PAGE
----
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DEAR CHRISTINE: Teen crisis on our hands

BEA DOTTIN, [email protected]

DEAR CHRISTINE: Teen crisis on our hands

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Dear Christine,
Now that the dust has settled just a little on the recent newspaper article showing two students engaging in a sex act, please allow me to share.
First and foremost, I am pleased that the article and photo were printed. There are many hypocrites among us who have lambasted the newspaper, but I am one who was glad that this matter was brought to light.
I also find it very disturbing that those in authority in Barbados would want to turn this matter into a political “battle”, accusing the media of trying to make the Government look bad. What have we come to?
What about standing up and asking our schoolchildren to respect their bodies, take pride in themselves and their respective schools, and desist from doing the stupid things they are currently doing? What about addressing parents or taking the decision to make sex education a subject for primary and secondary schoolchildren?
Why primary schoolchildren as well? It’s because I am aware of some who have been and are being sexually abused.
Wake up, Barbados! We have a crisis on our hands. The issue is not that these students were caught on camera and that the newspaper (thank God) picked up on the story.
The issue is that something like this actually happened and that such things are taking place within the classrooms and along the corridors of our schools.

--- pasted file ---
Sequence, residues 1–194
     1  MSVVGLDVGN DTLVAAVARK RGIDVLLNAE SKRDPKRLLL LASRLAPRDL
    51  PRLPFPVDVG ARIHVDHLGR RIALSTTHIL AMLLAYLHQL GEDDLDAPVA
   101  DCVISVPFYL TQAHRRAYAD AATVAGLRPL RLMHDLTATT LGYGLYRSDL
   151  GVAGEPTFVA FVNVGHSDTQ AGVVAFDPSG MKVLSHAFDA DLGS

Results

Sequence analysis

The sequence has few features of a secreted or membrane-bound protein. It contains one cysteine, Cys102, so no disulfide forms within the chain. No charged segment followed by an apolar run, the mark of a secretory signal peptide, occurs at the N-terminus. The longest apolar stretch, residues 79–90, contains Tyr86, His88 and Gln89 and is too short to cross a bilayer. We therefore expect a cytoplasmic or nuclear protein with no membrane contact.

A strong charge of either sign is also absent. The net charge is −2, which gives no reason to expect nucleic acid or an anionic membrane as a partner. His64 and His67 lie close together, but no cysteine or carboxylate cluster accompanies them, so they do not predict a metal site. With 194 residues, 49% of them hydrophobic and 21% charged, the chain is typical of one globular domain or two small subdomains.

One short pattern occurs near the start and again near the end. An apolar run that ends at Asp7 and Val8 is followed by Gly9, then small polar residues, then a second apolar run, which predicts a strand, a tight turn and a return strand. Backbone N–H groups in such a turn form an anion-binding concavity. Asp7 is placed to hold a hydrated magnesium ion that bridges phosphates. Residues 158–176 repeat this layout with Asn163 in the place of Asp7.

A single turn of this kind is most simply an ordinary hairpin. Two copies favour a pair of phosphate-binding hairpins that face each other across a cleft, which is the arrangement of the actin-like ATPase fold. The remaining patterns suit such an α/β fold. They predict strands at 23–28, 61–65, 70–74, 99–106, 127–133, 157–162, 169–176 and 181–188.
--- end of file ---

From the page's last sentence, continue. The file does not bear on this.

Let’s say there were no cameras around but occurrences like the one published were still taking place. Would it make the incident any more insignificant? No! So whether or the incident was captured on camera, such incidents still exist in our schools. That, Christine, is what we need to tackle, not blame the Nation for carrying the story and article.
And, if Barbados and the media believe that case was bad, then they should be made aware of other videos which I have seen for myself. In one of these videos now making the rounds, a junior student of a secondary school, still clad in her school uniform, is seen performing oral sex on a male.
And if that is not enough, in another video, a female student also attired in her skirt and blouse is having sex with a male student, while another male student is waiting in the wings, for his turn. Sure enough, as soon as she finishes having sex with one student, she goes on to the next. Christine, this is reality.
And what I have seen and shared are just the tip of the iceberg. I am told that there are numerous other videos out there. So, who do we blame? The media for reporting and showing the public what is taking place within our schools, or the schoolchildren who sit around taking these videos? Do we blame those parents who give their children smartphones, or should we be seeking ways to stop this kind of immoral behaviour from being exhibited among our youth? Who is to blame?
While I agree that schoolchildren should not have smartphones at school, will not having smartphones take care of the crisis we have on our hands, where our schoolchildren are not being taught how to respect themselves?
I am hurting deeply, very deeply, because we as a society need to save our young people – those who are deviant and who lack self-respect.
Christine, I cannot put into words how hurt and frustrated I am. This is not the Barbados I am accustomed to, and if we do not stop the name-calling and finger-pointing when we should be banding together to address what is taking place in our country, we stand to lose an entire generation. Let’s deal with the real issue and get to the root of the problem.
– R.F.
Dear R.F.,
I understand your hurt and frustration and agree that something needs to be done to address the real issues.
You have also made a valid point in stating that sex education should be mandatory, and that the use of smartphones should not be permitted at schools. My concern is, who will bell the cat?
Clearly, we can debate over and over, but we need to take action and do so very soon – the church, the home and the school. Thanks for all you’ve shared.